Parasites: four to look out for

By Wendy Talbot on 25 September 2020

Every horse, like any animal, is home to countless microscopic creatures, and most of them are nothing to worry about. The types of tiny creature living in and on your horse mostly have no effect and can even be beneficial, like the intestinal microbes without which your horse could not digest food. However, some of these creatures are truly parasitic and represent a serious risk to the health of your horse. Here we share details of the four most dangerous equine worm parasites.

Large redworms

As the name might suggest, large redworms are usually reddish in colour. Their scientific name is strongyles, and there is more than one type. They look like a long worm and they have a well-defined biting mouth.

Large redworms can get into your horse’s body when he is grazing. The larvae migrate from the gut into the arteries that supply the gastrointestinal tract with blood and then move around the bloodstream and internal organs, returning to the large intestine when it’s time to lay their eggs. The effects of a large redworm infestation range from weight loss, general unthriftiness and mild colic to severe complications caused by the migrating larvae which may result in fatal colic due to disruption of blood supply to the gut.

Fortunately large redworms and the problems they cause have been very much reduced by the advent of modern wormers; however, disease is still seen in horses that have not received appropriate wormers.1

Small redworms

These are also a type of strongyle and have the species name of cyathostomins. The small redworm is a common and potentially more serious danger than the large redworm. It’s smaller than the large redworm, but still visible to the naked eye. Like large redworms, the eggs are released with your horse’s droppings; they hatch into larvae, which then live on grass and are ingested by your horse as he grazes. They move to the large intestine and burrow into the gut wall where a cyst forms around the larvae to protect it (encysted stage). Here they develop through different larval stages before emerging back into the gut to form egg-laying adult redworm. In some horses and at certain times of the year, a large proportion of larvae do not immediately develop in the cysts but instead ‘hibernate’ within the cysts in the gut wall for a prolonged period before recommencing development.

A horse with an infestation of adult redworms may pass hundreds of thousands of eggs in its manure, but, be warned: if the redworms are still in the encysted stage they will not lay eggs, so looking for worm eggs in the faeces will give a misleading result. A specific antibody test can show if encysted small redworm are present.2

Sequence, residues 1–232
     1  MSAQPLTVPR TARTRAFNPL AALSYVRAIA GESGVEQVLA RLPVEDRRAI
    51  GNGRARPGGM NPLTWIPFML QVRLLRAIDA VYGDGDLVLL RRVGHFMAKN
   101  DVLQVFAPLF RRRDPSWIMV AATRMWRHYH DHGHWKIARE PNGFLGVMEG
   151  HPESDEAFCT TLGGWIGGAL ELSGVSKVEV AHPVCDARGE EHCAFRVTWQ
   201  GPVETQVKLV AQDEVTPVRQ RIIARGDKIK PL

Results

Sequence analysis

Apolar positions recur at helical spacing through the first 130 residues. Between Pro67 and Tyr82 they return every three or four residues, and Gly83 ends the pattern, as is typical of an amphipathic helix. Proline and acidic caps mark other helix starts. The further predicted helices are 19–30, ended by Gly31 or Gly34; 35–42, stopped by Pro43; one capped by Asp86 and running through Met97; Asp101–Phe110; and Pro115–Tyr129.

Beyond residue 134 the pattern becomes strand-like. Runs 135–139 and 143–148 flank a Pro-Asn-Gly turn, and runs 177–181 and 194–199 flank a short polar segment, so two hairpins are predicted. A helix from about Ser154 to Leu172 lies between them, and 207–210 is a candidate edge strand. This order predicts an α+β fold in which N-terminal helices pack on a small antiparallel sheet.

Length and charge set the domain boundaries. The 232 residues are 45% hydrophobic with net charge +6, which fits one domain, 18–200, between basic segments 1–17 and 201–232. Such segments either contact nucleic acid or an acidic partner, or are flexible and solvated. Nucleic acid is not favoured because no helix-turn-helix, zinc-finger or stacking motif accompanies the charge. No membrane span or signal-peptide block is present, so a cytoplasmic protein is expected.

Encysted small redworm can mature and emerge in a big batch. This often occurs in late winter or early spring; it is due to a number of factors and has even been associated with recent deworming, especially if the wormer used is not effective against the encysted stages. This mass emergence of small redworms can cause very serious and potentially fatal disease, usually seen as diarrhoea, weight loss and colic.3

Large Roundworms

These are also known as Parascaris equorum, or ascarids. Like the large and small redworms they are nematode worms. They tend to be less of a problem for adult horses because horses over two years old have usually built up an immunity, but they can make foals very ill. Like the redworm family they enter the body when your horse is grazing. The ingested larvae migrate through the gut and enter the circulation to pass through the lungs before being coughed back up and then swallowed to live and mature in the small intestine. A young horse with a roundworm infestation might lose his appetite, develop a cough and look ‘poor’ with a straggly coat and pot belly. Another particularly worrying symptom may be colic. In very bad cases the burden of roundworms can cause a potentially fatal intestinal blockage.4


These are parasitic flatworms, also known as cestodes, which live in the digestive tract at the junction between the small and large intestine. There are several species; the most common is known as anoplocephala perfoliata. Before they reach the horse, they live in a different host, a grass-dwelling forage mite. Your horse can become infected with tapeworm if he ingests these mites while grazing. They can cause digestive upsets which show as mild colic which resolves with medical therapy but may recur. More rarely, tapeworm may cause intestinal blockages and fatal colic.5

To find out how to keep your horse safe from worms visit our seasonal worming blog.


  1. Reinmeyer and Nielsen (2013) Handbook of Equine Parasite Control. Eds. Reinmeyer CR and Nielsen MK. Wiley- Blackwell.
  3. Matthews (2008) Equine Vet. Educ. 552-556
  4. Proudman and Matthews (2000) In Practice 2000 22: 90-97
  5. Proudman (2003) Journal of Veterinary Science. 6-9




Wendy graduated from Bristol University in 1999. She then went on to complete a residency at Liverpool University and holds a European Diploma in Equine Internal Medicine. After working in practice for 13 years, she joined Zoetis in 2012 as the National Equine Veterinary Manager.

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